Freedomís Secret Recipe

Balancing the State, Law, and Accountability

Author: Michael D. Mann
March / April 2012
Foreign Affairs

Share

Francis Fukuyama shot to fame with a 1989 essay called "The End of History?" which he expanded into a 1992 book, The End of History and the Last Man. His thesis was a reworking of the "end of ideology" argument propounded in the 1950s by Daniel Bell and others, with an even more emphatic twist. "What we may be witnessing," Fukuyama declared, "is not just the end of the Cold War, or the passing of a particular period of postwar history, but the end of history as such: that is, the endpoint of mankind's ideological evolution and the universalization of Western liberal democracy as the final form of human government." The argument seemed hubristic, a product of the era's American triumphalism.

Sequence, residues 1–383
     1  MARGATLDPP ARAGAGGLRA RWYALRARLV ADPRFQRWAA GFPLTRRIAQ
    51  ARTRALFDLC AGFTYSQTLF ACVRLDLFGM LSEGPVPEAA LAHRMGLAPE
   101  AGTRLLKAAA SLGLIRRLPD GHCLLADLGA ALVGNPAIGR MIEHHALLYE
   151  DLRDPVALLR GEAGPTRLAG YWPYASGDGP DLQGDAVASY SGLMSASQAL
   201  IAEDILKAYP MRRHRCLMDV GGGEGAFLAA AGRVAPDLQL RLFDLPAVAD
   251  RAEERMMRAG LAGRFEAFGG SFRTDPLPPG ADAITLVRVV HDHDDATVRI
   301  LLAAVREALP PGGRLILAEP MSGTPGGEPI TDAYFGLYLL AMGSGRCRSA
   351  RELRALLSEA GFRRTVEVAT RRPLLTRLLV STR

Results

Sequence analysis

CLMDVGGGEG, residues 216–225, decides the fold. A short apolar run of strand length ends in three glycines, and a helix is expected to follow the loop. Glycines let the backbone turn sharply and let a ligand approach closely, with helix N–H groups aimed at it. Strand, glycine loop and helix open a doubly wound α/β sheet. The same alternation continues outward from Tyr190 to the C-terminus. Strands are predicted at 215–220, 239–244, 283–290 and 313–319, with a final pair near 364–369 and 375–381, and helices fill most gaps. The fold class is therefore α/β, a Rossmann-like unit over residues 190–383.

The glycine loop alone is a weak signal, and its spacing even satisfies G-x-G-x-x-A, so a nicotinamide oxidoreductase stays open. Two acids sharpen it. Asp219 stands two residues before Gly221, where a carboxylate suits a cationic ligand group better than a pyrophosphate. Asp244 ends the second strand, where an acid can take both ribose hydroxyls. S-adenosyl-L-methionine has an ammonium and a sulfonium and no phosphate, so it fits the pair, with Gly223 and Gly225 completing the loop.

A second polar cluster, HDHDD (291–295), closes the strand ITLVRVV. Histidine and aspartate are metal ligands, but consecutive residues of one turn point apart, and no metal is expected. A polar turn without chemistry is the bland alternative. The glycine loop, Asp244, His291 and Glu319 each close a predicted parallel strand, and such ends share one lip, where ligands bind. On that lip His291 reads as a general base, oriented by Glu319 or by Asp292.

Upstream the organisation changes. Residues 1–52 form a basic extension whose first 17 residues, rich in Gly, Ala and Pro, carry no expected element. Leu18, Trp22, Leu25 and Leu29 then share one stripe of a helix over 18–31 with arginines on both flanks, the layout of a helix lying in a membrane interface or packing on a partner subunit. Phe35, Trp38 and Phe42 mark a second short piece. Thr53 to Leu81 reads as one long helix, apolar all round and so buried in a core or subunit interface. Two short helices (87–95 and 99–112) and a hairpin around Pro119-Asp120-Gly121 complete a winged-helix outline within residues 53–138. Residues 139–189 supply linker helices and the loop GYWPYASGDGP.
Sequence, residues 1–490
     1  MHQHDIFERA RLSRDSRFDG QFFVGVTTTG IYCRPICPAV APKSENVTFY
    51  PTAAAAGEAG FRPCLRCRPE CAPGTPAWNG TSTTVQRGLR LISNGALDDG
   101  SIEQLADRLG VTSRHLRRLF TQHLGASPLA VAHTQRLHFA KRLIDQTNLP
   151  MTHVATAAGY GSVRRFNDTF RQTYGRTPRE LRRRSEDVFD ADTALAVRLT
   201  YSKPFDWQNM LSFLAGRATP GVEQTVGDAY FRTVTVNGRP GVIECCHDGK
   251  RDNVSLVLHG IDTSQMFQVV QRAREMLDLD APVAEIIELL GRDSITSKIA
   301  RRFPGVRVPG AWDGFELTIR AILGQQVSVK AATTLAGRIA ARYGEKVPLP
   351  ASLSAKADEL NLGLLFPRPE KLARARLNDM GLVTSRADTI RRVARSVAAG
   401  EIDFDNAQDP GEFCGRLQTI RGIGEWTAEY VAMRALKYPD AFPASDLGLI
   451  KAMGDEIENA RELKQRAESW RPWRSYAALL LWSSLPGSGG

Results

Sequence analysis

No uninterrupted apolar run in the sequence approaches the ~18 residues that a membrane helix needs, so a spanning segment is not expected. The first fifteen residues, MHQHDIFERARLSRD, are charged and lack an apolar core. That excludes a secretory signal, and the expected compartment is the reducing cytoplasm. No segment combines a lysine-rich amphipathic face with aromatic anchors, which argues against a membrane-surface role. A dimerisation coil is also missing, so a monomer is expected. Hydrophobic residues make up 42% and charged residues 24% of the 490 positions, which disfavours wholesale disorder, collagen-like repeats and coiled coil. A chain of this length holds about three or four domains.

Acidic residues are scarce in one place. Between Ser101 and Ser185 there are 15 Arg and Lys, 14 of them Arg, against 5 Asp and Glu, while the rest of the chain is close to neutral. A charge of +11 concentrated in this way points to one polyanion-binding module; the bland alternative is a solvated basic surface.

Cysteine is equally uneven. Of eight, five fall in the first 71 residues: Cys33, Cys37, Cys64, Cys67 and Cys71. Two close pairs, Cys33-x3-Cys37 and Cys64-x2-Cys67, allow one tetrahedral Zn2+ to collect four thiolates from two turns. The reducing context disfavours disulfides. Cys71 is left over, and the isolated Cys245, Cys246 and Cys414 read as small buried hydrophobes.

Subscribe to Foreign Affairs—the world's leading authority on foreign policy.

Read full article at ForeignAffairs.com.

More on This Topic

Book

Maximalist

Author: Stephen Sestanovich

When the United States has succeeded in the world, it has done so by changing course—usually amid deep controversy and uncertainty....

Audio

The Decline and Fall of Colonial Vietnam

Speaker: Fredrik Logevall

Fredrik Logevall, winner of the 2013 Arthur Ross Book Award, discusses his prize-winning book, Embers of War: The Fall of an Empire and the...